Blood counts showed:
WBC (white blood cell count) is 9/3 10^9/L which is normal. (Normal range is 3.5-11.0)
Hemoglobin (a measure of red blood cells) is 14.1 which is normal. (Normal range is 11.7-15.7)
Hematocrit (a measure of red blood cells) is 42.5 which is normal. (Normal Range is 34.9-46.9)
Platelet count (cells that help stop bleeding) is 240 10^9/L which is normal. (Normal Range is 140-444)
The electrolyte results showed no abnormalities.
Kidney function tests were normal (BUN was 13 and Creatinine was 0.59)
Liver tests were normal (ALT was 35 and AST was 20)
Your blood sugar is 108 (Normal range is 70-100). This is normal.
Your blood sugar is 108 (Normal range is 70-110). This result is acceptable.
Your HgbA1C is 5.3 (target is <7). This indicates that your blood sugar over the last 3 months has been well-controlled.
The cholesterol result is 137 (Normal <200).
The HDL (good cholesterol) was 31 (Normal >40).
The LDL (bad cholesterol) was 88 (Normal <100).
These results are acceptable and require no further treatment.
All tests excellent keep up the good work.
Please do not hesitate to call us should you have any father questions or concerns.
Colin McDonough MD”
Now when you consider that my HgbA1C back on July 10th was 8.4 and that my blood sugars pretty much ran consistently in the 200s and sometimes into the 300s, having a blood sugar of 108, and a NORMAL HbgA1C after not taking insulin, Avandia or any other type of diabetic medication since surgery, is pretty damn amazing.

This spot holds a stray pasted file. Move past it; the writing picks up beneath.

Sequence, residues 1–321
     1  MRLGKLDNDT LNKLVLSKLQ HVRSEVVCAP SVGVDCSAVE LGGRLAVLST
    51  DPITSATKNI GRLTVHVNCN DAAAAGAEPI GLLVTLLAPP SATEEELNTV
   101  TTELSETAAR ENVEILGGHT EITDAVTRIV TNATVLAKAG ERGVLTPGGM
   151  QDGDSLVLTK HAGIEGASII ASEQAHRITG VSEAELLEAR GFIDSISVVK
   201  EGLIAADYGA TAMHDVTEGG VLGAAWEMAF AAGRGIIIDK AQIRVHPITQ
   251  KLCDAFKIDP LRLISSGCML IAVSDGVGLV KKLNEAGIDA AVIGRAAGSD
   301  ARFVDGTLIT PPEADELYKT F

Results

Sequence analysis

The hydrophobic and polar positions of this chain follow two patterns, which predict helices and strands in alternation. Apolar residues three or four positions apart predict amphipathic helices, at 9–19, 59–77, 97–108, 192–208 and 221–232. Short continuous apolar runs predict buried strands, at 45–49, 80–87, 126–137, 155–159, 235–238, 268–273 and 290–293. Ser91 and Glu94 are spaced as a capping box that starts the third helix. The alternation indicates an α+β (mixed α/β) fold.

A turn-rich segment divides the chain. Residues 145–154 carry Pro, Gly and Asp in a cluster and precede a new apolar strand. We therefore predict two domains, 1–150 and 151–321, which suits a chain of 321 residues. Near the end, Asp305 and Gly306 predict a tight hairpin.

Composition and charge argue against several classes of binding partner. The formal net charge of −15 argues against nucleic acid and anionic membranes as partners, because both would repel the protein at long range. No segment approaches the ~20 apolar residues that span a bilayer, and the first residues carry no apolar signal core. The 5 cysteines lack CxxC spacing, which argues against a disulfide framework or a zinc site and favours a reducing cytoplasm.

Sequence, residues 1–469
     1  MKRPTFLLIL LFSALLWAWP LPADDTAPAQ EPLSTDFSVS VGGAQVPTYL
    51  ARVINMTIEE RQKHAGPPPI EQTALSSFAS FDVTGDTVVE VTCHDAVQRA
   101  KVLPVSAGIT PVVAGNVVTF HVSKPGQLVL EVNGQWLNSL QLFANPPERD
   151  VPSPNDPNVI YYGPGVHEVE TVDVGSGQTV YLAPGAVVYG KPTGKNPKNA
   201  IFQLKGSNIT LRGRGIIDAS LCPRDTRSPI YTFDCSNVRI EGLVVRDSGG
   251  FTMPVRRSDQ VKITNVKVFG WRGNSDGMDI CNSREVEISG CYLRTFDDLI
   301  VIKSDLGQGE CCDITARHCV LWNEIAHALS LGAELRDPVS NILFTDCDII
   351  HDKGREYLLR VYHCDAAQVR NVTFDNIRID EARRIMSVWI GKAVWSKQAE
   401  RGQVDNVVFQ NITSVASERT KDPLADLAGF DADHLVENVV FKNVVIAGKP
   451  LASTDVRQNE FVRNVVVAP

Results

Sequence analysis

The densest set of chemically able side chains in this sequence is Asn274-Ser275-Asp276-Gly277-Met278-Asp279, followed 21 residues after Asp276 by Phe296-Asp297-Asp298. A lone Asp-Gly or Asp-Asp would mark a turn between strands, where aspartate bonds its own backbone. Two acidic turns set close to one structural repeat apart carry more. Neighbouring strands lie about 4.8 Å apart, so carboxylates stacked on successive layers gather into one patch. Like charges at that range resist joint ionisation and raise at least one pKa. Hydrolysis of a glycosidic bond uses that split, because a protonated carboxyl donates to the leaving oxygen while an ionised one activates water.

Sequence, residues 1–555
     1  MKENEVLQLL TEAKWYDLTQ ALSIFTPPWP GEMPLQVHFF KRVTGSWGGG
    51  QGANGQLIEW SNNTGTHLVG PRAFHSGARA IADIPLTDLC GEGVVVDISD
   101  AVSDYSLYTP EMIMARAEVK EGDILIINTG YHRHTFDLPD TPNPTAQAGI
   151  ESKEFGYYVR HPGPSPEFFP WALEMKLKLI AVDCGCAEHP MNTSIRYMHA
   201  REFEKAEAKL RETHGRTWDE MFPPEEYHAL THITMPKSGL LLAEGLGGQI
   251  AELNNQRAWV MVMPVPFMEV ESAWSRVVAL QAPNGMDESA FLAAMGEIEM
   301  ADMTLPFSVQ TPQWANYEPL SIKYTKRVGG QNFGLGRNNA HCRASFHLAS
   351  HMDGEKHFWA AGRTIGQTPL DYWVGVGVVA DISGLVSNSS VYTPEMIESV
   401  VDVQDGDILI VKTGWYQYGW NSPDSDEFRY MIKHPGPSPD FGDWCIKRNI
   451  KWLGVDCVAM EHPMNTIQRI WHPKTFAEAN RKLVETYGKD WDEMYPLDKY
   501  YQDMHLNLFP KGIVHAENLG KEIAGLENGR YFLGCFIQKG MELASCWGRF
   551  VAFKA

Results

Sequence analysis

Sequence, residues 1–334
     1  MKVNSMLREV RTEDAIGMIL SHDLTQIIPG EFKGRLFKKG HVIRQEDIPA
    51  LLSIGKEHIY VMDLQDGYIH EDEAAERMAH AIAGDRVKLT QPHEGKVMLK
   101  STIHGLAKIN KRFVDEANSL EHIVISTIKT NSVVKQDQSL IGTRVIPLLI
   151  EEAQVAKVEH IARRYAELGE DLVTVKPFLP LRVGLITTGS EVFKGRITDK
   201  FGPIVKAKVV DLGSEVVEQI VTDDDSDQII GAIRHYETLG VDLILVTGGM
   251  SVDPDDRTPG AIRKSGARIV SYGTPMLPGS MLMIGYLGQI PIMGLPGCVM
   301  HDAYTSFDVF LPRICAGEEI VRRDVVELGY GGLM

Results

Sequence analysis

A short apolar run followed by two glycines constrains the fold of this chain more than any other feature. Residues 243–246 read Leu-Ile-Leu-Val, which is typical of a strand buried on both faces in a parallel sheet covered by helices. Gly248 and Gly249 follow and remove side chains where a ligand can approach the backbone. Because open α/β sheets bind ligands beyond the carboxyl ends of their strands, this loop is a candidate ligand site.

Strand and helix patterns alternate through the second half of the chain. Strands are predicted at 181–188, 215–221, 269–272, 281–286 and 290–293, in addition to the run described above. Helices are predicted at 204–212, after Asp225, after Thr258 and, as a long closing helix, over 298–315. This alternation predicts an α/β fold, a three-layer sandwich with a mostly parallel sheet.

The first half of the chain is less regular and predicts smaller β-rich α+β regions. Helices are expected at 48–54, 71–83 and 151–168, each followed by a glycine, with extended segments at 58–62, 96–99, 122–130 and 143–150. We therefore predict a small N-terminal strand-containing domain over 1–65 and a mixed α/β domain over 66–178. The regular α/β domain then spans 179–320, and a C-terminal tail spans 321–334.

For those that don’t know this a Hemoglobin A1C or HgbA1C let me quote from ( A website that asked me to remove their link on my page )
The hemoglobin A1c test (HbA1c) is a blood test used to determine how well diabetes is being controlled. The HbA1c test measures the control of blood glucose levels in people with diabetes over a 6 to 12 week period. Most physicians think the HbA1c test is the best way to monitor how well a person is controlling diabetes through treatments and medicines.
Here is a chart that shows you what your blood sugars average at the different HgbA1C levels.
As you can see my blood levels fall totally in the green zone! I’ve got “excellent” HgbA1C results.
This is all very exciting to me. There is a big \O/ going on right now and out loud it sounds like “Yaaaaaaaaaaaay!”